What We Can Learn
Vulnerability is a strength. Oprah uses her vulnerability—she confessed the history of her molestations during a 1986 episode of her TV show discussing sexual abuse—to connect with her guests, who often find themselves revealing much more than they had previously. Winfrey’s openhearted approach shows just how the courage to be vulnerable draws people in.
One of the most successful hip-hop artists in America, Forbes estimated Jay Z’s net worth at $520 million. He has sold over one hundred million records and won more than nineteen Grammy awards. Yet Jay Z was raised in a housing project in Brooklyn, New York, he didn’t graduate high school, and he has been shot at three times in his life. Although music was his love, and he had made appearances with Big L and Mic Geronimo, Jay Z couldn’t get a deal of his own. No major record label would sign him.
So Jay Z created his own label, Roc-A-Fella Records, with Damon Dash and Kareem Biggs. When Jay Z released his 1996 debut Reasonable Doubt, it reached twenty-three on the Billboard 200, was named by Rolling Stone as one of the 500 Greatest Albums of All Time, and eventually hit platinum status. Since then, Jay Z has had multiple platinum albums and pioneered many successful businesses—he reportedly sold the rights to his clothing line, RocaWear, to Iconix Brand Group for $204 million. He also co-owns the 40/40 Sports Bar chain, is cobrand director for Budweiser, and is part owner of the Brooklyn Nets NBA team. Most recently, in 2013, Jay Z launched his own sports agency, Roc Nation Sports.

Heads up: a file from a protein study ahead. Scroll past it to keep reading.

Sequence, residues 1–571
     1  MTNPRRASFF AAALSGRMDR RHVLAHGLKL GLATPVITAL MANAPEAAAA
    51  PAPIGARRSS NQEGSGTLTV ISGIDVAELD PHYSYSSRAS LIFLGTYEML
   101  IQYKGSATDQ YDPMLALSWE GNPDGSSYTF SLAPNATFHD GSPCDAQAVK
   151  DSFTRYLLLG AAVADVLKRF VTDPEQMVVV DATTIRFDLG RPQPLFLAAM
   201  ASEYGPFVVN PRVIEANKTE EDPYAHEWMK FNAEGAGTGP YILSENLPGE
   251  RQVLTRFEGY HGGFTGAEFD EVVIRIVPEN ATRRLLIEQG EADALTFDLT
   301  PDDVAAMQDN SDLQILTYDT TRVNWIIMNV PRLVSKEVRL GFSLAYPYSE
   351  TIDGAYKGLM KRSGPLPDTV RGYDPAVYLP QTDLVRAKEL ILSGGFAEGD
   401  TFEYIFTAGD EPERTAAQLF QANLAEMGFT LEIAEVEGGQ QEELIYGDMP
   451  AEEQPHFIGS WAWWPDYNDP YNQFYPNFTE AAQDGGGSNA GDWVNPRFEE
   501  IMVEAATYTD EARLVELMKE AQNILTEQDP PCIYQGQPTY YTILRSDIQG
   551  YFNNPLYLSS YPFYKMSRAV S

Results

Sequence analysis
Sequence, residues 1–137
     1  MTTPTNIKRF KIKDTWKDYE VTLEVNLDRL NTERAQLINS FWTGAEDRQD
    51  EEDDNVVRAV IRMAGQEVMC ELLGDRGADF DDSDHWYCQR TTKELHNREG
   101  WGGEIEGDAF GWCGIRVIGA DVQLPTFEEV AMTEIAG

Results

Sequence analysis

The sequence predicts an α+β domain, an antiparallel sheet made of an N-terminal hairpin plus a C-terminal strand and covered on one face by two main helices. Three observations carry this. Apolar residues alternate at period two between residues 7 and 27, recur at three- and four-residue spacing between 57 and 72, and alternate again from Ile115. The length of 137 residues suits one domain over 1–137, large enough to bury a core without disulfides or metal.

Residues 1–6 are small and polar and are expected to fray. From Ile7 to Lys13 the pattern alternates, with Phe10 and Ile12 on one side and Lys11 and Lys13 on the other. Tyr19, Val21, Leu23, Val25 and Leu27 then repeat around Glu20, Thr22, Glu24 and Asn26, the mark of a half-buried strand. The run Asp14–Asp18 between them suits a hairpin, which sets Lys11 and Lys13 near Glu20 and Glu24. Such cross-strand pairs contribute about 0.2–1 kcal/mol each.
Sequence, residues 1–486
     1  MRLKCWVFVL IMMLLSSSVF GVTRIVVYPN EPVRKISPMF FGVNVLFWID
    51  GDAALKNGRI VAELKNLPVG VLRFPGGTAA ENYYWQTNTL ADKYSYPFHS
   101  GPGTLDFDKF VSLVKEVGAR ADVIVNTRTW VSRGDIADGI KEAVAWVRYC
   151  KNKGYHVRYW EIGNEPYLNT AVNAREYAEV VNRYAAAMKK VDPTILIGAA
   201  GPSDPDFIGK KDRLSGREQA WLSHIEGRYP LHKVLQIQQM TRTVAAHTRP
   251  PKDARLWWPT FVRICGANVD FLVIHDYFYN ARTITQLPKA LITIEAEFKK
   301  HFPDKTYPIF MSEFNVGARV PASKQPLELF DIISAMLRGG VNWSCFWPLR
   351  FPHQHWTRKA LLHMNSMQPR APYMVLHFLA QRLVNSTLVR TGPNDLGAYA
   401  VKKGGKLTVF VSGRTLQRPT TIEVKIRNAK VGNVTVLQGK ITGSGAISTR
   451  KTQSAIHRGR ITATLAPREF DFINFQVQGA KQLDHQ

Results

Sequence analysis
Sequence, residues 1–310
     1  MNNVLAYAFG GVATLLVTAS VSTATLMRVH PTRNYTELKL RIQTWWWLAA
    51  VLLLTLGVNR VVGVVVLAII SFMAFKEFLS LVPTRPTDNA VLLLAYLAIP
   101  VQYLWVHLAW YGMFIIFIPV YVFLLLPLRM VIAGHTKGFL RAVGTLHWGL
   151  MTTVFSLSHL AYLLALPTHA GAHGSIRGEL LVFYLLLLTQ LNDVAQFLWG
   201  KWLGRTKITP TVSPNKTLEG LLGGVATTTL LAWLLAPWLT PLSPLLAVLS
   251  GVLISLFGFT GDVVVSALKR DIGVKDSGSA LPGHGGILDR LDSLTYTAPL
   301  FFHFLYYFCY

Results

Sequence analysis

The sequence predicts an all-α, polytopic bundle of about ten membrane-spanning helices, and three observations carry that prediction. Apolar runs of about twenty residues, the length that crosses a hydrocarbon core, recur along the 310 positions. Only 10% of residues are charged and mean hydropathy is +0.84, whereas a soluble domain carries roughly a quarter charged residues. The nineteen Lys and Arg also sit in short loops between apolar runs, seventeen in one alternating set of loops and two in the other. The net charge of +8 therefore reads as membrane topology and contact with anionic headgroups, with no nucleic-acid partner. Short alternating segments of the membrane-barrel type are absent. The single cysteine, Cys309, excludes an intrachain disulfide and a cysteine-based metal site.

Now in retirement, Jay Z has turned his focus toward philanthropic pursuits, founding The Shawn Carter Foundation, which provides funding for those facing socioeconomic hardships to attend college. The rapper also reportedly donated one million dollars to the Red Cross after Hurricane Katrina.
As one of Jay Z’s songs states, “the greatest form of giving is anonymous to anonymous.” Jay Z’s full story can be read in his 2010 memoir, Decoded, published by Speigel and Grau. Jay Z’s story is also told by Zack O’Malley Greenberg in his book, Empire State of Mind: How Jay Z Went from Street Corner to Corner Office, released in 2011 by Penguin.
What We Can Learn
Success depends on adapting. While Jay Z’s story is undoubtedly a rags-to-riches tale, and his presence in the hip-hop world nothing if not prolific, his best—if often unrecognized—acumen is his ability to see important industry trends, recognize what works and what doesn’t, make modifications, and ultimately always stay one step ahead.
So often we forget the other side of adversity — that is the opportunity to use it to grow stronger.
More information on learning to leverage adversity, and my new book, LEVERAGE: The Science of Turning Setbacks into Springboards, can be found at www.leverageadversity.net